No, we're not; not really

WASHINGTON -- Those who regard SUVs rather than the gnawing poverty of developing nations as the chief threat to the world's environment often hide their hatred of our lifestyle behind the mantra "the planet is running out of fossil fuels."
Like many shared delusions of conventional wisdom, their mantra is completely false. The world's 2 billion poor cause more air pollution than citizens in advanced democracies, and soon will produce more greenhouse gasses as well.
Just by decimating the forests of Amazon basin, Africa and southern Asia for wood-fuel, they spew immeasurable tons of pollutants into the atmosphere each day. Their eco-systems would be much better off if they burned cleaner oil and natural gas using state-of-the-art emission controls.
Meanwhile, far from running out of fossil fuels, the world is awash in them and more are coming online each day. And viable alternative energies hold great potential as well. Consider a few hopeful rays:
UNew, eco-friendly drilling techniques and reasonable environmental rules will allow the United States to extract crude oil and natural gas in places like the Arctic Natural Wildlife Refuge, in many of the lower 48 states and off America's shorelines.
URenewed interest in clean nuclear power, which safely supplies 85 percent of the electricity generated in environmentally conscious France, will allow the U.S., China and India to shift from coal-fired utilities that belch pollution.
UMassive private/public sector projects like Stanford University's Global Climate and Energy are hard at work seeking new ways filter pollution and greenhouse gas emissions from many of today's energy sources.
UThe Alberta oil tar sands in western Canada are projected to contain more petroleum than in the entire Middle East, and with oil in $40 to $50 a barrel range, extracting it becomes economically feasible.
UAnd, as its "ace in the hole," the U.S. currently has an estimated 750-million years of coal reserves and is rapidly developing the technology to scrub pollution from every lump.
None of these new sources, however, is immediately available, but if we start now we can have many of them online by the end of this decade.
One of the most hopeful signs in recent days, has been the opening of the Baku-Tbilisi-Ceyhan, a 42-inch, 1,000 mile-long pipeline that will shore up energy supplies in North America and Europe well past mid-century.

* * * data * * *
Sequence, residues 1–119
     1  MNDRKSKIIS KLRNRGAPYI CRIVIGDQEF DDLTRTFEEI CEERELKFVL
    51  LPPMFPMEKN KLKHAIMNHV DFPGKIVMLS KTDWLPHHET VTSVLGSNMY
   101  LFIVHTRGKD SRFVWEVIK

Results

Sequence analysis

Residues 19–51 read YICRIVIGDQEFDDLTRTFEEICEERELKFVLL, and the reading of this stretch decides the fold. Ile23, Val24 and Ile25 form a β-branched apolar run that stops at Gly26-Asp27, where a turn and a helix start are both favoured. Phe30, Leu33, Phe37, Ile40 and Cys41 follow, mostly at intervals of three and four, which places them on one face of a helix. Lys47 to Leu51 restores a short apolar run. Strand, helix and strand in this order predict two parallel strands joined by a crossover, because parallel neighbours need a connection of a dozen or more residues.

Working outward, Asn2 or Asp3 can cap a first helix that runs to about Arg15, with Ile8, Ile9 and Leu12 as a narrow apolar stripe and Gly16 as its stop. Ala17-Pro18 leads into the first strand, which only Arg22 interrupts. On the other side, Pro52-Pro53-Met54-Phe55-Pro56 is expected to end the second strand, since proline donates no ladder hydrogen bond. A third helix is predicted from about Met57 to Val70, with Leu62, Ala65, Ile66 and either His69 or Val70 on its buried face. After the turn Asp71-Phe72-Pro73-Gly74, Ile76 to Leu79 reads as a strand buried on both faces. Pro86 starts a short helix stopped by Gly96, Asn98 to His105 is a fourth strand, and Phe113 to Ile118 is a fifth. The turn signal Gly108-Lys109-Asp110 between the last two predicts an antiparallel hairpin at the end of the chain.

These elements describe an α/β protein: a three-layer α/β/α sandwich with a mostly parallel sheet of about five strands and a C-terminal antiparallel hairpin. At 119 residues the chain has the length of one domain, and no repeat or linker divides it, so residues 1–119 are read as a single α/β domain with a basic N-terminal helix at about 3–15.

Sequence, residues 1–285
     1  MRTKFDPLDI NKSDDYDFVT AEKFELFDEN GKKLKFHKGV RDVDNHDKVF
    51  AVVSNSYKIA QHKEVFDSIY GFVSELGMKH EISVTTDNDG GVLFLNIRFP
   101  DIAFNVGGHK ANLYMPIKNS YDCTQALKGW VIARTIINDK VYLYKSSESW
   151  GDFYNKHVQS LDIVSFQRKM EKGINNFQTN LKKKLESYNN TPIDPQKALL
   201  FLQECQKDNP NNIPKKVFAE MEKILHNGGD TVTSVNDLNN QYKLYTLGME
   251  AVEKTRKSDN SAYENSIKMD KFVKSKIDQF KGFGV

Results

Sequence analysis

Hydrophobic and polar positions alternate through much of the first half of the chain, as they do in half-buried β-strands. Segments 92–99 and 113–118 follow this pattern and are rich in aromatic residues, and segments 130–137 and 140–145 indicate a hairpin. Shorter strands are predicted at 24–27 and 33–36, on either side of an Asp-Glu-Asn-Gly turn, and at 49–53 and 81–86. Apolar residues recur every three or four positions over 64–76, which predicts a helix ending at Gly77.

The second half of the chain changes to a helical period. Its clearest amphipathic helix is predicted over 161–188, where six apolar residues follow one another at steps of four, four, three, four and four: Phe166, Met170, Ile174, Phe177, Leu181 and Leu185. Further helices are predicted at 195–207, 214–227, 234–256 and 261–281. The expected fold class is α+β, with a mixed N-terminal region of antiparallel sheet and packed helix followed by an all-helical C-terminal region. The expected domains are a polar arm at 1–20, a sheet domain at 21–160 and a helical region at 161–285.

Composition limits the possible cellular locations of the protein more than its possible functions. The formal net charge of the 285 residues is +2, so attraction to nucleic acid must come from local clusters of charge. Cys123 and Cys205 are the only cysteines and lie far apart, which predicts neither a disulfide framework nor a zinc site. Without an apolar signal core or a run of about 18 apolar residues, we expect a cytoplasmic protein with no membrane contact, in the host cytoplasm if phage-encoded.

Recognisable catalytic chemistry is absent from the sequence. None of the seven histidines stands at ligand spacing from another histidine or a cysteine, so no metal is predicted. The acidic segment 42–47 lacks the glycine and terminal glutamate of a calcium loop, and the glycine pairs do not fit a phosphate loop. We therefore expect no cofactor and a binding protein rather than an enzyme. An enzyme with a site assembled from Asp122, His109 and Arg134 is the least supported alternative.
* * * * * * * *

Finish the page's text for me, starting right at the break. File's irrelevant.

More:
Output from the fields in the tiny former Soviet Republic of Azerbaijan is expected to reach 1-million barrels a day -- about 1 percent of present global production. But even at full production that will be like draining a drop of water each day from Lake Erie since the vast underground reserve is believed hold upward of 220 billion barrels.
The pipeline will wend its way from the shores of Azerbaijan across the Caspian Sea through the Republic of Georgia to the Mediterranean coast of Turkey. U.S. Energy Secretary Samuel Bodman, who attended the grand opening ceremony for the pipeline, called it "a significant step forward in the energy security of the region."
But it is more than that. By spreading prosperity through many impoverished areas in Central Asia, it will bolster the world's fight against Islamic terrorism and decrease U.S. dependence on the potentially unstable oil supplies of the Middle East.
With a bright energy future on tap, it's time for American environmentalists to realize that the very best way to cleanup the environment and win the global war on poverty is to embrace the kind of full-throttle economic growth that supplies the surplus capital needed to achieve these goals.
X H. Sterling Burnett is a senior fellow at the National Center for Policy Analysis (, a conservative, free-market oriented think-tank with offices in Dallas and Washington. Distributed by Knight Ridder/Tribune Information Services.

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